Travis_J_Smith’s #CBR5 Review #07: The Long Dark Tea Time of the Soul by Douglas Adams


Over on Goodreads, there are a couple users with the gall to claim that The Long Dark Tea Time of the Soul is superior to its predecessor. To them, I ask, in what way? Surely they’re not speaking of the quality of Adams’ prose, which was arguably at its best in Dirk Gently’s Holistic Detective Agency, nor the frequency with which laughs are had. And no one can honestly think its plot gels to a greater degree, the story seeming, by Adams’ standards, cobbled together, its many disparate elements never quite coming together, in addition to it having some rather inconsistent pacing.

Perhaps those fruitcakes didn’t take to the eponymous Dirk Gently, given most of The Long Dark Tea Time of the Soul is devoted to Kate, Odin, and Thor, Dirk merely happening to be in the wrong place at the wrong time on occasion. If the above-mentioned were more compelling character studies, this would’ve been an acceptable arrangement; however, the thing is that Adams’ Norse gods sound woefully out of place, and not in the same sense as was seen in Thor. Though the idea of humans and gods sharing a world in a strange symbiotic relationship has legs, Adams’ at times appears to be running on fumes.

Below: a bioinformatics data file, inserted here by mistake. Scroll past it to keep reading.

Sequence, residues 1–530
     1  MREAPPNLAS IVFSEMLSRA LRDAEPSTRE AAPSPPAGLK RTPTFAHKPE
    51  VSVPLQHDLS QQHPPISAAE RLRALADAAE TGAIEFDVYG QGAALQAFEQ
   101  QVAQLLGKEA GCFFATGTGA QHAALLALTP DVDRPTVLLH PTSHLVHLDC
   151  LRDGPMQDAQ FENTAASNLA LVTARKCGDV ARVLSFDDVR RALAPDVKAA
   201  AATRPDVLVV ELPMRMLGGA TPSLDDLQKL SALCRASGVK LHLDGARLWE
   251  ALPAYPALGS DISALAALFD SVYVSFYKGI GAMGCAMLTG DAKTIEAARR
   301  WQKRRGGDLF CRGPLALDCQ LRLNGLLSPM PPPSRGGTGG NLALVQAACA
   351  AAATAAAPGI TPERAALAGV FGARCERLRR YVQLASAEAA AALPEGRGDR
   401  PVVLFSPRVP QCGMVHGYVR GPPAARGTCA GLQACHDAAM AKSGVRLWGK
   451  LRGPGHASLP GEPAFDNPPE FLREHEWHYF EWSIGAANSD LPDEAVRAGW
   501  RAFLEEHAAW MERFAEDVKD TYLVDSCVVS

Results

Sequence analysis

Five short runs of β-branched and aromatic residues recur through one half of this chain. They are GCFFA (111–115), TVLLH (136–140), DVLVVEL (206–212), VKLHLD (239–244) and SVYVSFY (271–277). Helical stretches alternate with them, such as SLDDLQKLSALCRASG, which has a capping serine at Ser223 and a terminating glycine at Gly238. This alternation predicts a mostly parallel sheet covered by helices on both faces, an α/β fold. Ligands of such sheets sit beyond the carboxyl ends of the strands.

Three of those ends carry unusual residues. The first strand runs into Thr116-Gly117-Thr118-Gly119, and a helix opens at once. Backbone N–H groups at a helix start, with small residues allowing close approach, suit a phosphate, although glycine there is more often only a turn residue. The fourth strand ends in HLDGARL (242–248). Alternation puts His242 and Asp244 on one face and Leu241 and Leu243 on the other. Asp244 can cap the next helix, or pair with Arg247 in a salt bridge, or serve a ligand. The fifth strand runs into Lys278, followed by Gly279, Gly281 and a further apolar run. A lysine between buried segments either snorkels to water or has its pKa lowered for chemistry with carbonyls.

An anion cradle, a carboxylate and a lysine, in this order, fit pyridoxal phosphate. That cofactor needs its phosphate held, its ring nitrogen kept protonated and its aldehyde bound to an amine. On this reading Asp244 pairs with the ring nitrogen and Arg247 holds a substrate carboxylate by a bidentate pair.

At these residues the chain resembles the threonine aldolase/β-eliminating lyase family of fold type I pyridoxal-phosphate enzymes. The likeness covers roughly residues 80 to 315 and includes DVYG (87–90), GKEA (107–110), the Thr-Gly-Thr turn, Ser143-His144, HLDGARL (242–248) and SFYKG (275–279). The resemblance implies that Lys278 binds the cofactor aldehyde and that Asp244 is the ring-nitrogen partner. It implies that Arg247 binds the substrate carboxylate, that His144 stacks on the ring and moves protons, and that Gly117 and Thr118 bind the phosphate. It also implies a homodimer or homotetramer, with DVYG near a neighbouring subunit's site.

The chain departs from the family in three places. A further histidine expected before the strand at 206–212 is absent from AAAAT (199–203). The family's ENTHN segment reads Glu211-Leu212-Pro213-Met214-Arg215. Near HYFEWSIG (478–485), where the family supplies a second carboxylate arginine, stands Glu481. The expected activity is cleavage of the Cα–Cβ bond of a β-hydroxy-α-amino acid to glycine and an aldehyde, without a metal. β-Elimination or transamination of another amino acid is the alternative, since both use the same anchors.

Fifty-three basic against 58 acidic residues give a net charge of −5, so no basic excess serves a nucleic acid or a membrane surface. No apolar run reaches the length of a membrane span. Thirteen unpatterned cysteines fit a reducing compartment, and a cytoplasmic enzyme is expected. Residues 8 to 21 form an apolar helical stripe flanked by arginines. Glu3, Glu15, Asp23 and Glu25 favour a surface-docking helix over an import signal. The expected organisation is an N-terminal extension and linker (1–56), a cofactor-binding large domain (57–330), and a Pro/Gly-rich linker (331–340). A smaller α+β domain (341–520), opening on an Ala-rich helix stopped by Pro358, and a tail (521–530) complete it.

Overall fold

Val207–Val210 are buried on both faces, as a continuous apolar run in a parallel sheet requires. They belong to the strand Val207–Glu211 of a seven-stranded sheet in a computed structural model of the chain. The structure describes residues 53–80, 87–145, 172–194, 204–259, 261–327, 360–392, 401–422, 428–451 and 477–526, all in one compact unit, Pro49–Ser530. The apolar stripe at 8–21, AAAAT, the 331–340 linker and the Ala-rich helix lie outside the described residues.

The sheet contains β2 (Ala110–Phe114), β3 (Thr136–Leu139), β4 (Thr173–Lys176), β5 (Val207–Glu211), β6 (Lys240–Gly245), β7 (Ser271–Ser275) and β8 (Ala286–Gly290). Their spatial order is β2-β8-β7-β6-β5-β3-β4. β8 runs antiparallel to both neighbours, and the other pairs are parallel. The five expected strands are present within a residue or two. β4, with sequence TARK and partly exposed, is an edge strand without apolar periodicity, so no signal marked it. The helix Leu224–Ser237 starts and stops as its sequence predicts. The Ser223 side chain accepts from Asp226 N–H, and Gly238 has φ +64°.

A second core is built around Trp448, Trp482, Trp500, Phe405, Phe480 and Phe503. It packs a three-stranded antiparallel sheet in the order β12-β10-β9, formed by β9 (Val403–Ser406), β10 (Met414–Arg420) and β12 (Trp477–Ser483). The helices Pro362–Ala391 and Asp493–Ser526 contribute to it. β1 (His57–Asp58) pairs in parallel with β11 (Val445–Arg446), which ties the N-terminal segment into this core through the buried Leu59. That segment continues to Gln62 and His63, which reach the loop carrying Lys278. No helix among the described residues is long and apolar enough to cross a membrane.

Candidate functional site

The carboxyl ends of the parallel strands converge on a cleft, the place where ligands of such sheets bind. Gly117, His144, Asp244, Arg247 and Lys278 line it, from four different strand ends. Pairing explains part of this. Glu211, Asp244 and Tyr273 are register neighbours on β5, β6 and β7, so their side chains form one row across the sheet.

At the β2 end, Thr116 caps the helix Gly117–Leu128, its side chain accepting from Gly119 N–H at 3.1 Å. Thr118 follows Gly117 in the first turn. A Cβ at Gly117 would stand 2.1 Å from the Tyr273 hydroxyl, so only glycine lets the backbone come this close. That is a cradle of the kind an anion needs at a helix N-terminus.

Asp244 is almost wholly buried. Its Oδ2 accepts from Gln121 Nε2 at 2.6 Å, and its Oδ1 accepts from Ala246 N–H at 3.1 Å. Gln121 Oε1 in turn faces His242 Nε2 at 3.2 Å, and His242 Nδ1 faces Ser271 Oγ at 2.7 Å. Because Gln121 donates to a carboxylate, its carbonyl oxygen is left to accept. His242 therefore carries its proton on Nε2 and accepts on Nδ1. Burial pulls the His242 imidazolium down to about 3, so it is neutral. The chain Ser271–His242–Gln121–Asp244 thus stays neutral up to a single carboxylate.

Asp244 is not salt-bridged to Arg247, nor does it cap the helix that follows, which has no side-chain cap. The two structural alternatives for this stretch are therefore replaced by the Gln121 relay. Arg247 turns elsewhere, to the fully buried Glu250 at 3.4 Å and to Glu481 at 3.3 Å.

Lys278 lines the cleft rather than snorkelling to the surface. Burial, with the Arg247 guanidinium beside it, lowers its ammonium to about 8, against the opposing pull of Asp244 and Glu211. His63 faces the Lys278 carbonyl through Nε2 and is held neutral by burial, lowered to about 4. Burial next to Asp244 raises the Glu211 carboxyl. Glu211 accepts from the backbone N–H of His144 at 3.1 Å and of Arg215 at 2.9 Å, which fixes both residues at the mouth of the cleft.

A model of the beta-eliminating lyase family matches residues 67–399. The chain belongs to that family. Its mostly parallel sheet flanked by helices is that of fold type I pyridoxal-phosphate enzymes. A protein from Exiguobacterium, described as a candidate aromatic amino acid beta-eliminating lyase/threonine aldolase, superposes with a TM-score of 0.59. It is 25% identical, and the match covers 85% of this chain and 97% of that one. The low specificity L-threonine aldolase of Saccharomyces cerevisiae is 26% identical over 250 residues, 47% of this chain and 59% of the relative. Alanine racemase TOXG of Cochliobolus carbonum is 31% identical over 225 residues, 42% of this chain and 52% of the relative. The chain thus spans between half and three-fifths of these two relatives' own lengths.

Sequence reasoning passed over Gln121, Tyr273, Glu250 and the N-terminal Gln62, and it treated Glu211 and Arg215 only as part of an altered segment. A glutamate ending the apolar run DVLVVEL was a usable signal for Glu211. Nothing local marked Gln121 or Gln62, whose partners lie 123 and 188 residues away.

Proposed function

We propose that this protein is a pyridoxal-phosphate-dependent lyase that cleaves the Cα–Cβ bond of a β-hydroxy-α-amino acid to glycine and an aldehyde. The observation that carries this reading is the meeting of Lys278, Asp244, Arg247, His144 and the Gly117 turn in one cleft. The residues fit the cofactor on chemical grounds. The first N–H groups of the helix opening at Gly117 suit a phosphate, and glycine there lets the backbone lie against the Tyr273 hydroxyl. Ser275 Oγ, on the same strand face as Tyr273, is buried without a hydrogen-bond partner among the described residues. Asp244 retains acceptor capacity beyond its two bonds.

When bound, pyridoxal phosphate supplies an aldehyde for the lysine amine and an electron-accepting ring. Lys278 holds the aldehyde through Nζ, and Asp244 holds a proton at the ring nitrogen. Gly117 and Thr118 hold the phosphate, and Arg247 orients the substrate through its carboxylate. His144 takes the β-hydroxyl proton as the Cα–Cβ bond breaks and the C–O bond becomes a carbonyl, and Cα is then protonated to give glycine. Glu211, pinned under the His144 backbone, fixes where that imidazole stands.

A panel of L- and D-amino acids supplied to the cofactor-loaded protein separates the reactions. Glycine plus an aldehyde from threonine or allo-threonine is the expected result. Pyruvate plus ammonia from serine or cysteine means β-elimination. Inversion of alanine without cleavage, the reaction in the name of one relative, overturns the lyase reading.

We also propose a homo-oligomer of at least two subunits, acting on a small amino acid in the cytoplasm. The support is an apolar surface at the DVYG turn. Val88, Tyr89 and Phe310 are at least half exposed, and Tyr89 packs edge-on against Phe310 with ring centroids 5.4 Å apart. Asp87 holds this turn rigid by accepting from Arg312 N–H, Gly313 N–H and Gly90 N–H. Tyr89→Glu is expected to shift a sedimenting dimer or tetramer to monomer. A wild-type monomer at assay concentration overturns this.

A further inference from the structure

To be more specific, I think Adams became so enamored with the idea that he inadvertently put less effort into its realization, expecting perhaps to be able to skate by on the sheer strength of the idea alone. As a result, Odin and Thor sound as if they were ripped straight from a work of fan-fiction, then reappropriated to fit within the confines of this story. Of particular note is their inauthentic-sounding dialogue which makes it difficult to do as Adams wants us to and accept them as real.

More importantly, if I didn’t know otherwise, I’d say this was the unfinished manuscript, not the one contained within The Salmon of Doubt. It boggles the mind to think that the man who wrote this ending, which about collapses under the weight of the sheer volumes of exposition, is the same one who so skillfully wrapped up the much more intricate Dirk Gently’s Holistic Detective Agency. The only reasonable explanation is it was an early draft that his editors never bothered to mess with because, well, he was Douglas Adams, bestselling author.

Early draft or not, however, The Long Dark Tea Time of the Soul still retains all of Adams’ madcap wit, surmounting whatever issues there are to be found on the strength of his unsurpassed flair for the hysterical. The end result is a short read satisfying enough that any and all frustrations are immediately squashed, trivialized, and forgotten about.

Travis Smith’s blog, containing this review, as well as others, photography, and more, can be found here.

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